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Local experts explain how Houstonians could benefit from Pfizer vaccine

HOUSTON – By the end of this month, Pfizer claims they will have the data ready to submit to the FDA for emergency use authorization.

“This is one of the most significant medical advances in the last 100 years,” Dr. Albert Bourla, Pfizer Chairman and CEO, said.

Pfizer claims its vaccine is 90% effective. In previous statements, doctors were hoping for something as little as 50% to 70% effective.

Dr. Hana El Sahly, with the Baylor College of Medicine, said the efficacy is excellent news but there’s a lot of questions remaining about for whom it’s most effective.

“There will be more data coming that tells us who are the people who benefited from this... are they the young, are they the old, are they the people with underlying illnesses, are they otherwise healthy? So there’s a lot more to learn, and especially since COVID-19 is not a disease that behaves in the same way in everyone,” Dr. El Sahly said.

El Sahly actually oversees the Moderna trial for Baylor College of Medicine. While that is technically a competitor, in this case, Pfizer’s success is good news for all potential vaccines.

“This is precise because most of the vaccines that are now in phase three clinical testing are actually based on that same protein, the spike protein of the virus,” she said.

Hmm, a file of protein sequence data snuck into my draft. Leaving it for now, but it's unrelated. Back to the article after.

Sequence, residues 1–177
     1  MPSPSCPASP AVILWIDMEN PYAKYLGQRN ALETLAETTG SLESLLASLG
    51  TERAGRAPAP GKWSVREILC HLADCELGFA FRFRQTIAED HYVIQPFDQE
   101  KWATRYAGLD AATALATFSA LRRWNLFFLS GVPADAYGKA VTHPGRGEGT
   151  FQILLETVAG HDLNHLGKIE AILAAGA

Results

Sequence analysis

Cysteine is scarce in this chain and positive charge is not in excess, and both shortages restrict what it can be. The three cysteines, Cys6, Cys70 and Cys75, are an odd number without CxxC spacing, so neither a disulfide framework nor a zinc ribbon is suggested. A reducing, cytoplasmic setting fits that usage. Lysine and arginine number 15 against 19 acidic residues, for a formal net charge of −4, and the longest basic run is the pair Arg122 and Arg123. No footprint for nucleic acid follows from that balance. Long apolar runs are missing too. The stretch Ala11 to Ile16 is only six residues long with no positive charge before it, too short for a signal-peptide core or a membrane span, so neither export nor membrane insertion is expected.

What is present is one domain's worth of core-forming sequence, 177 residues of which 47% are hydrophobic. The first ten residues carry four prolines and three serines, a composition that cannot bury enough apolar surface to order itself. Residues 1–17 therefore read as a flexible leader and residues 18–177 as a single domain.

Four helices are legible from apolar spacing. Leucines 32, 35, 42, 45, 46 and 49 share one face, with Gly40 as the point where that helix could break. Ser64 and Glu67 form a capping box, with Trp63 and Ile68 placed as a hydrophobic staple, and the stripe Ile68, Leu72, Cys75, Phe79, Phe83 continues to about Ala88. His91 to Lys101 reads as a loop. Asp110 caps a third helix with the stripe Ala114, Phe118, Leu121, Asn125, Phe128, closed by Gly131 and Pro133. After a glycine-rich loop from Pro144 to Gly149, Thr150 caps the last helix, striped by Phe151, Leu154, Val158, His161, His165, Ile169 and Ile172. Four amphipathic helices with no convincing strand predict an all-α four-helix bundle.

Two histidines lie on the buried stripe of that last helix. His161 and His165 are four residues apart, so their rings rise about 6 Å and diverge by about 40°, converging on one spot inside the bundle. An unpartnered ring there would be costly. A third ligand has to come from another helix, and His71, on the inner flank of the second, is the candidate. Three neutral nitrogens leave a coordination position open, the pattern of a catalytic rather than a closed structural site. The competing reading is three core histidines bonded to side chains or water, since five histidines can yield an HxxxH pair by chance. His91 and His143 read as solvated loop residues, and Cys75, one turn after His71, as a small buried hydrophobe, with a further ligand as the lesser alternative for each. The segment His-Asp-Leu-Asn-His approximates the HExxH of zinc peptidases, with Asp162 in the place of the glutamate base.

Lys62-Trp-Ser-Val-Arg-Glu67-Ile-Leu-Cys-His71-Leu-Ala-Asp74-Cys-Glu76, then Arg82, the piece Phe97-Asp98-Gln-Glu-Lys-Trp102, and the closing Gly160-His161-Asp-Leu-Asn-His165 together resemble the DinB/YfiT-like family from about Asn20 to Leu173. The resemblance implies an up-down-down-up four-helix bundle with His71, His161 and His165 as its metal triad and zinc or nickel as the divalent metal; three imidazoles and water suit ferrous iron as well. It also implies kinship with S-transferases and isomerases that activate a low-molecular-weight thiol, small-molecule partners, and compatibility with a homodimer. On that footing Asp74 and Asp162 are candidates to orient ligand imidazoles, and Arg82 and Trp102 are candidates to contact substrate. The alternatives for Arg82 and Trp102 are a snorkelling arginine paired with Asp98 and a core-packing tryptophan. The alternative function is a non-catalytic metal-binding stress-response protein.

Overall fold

How much will a successful vaccine cost for the general public?

Nothing.

According to Operation Warp Speed, “The U.S. government will pay the companies $1.95 billion upon the receipt of the first 100 million doses, following FDA authorization or approval. The U.S. government also can acquire up to an additional 500 million doses. Americans will receive the vaccine for free consistent with the U.S. government’s commitment for free access for COVID-19 vaccines."

Where will it be available?

Local health departments are working on the logistics for where the vaccines can go and be stored.

Pharmacies are a likely option for distributing.

Should I wait to get the vaccine?

Some infectious disease experts, including Dr. Peter Hotez with Baylor College of Medicine, believe the first vaccine available may not be the one that’s proven most effective in the long run.

However, Hotez said, for your safety, get the first one the FDA approves.

“I’m often asked the question, ‘hey Dr. Hotez which vaccine are you waiting for?’ That’s the wrong question I’m not waiting for anything,” Hotez explained. “I will take any vaccine that is made available that has been approved by the FDA, knowing that the vaccine, the first vaccines coming out may not be our best ones. That’s OK, at least we get some Virus neutralizing antibodies in our system.”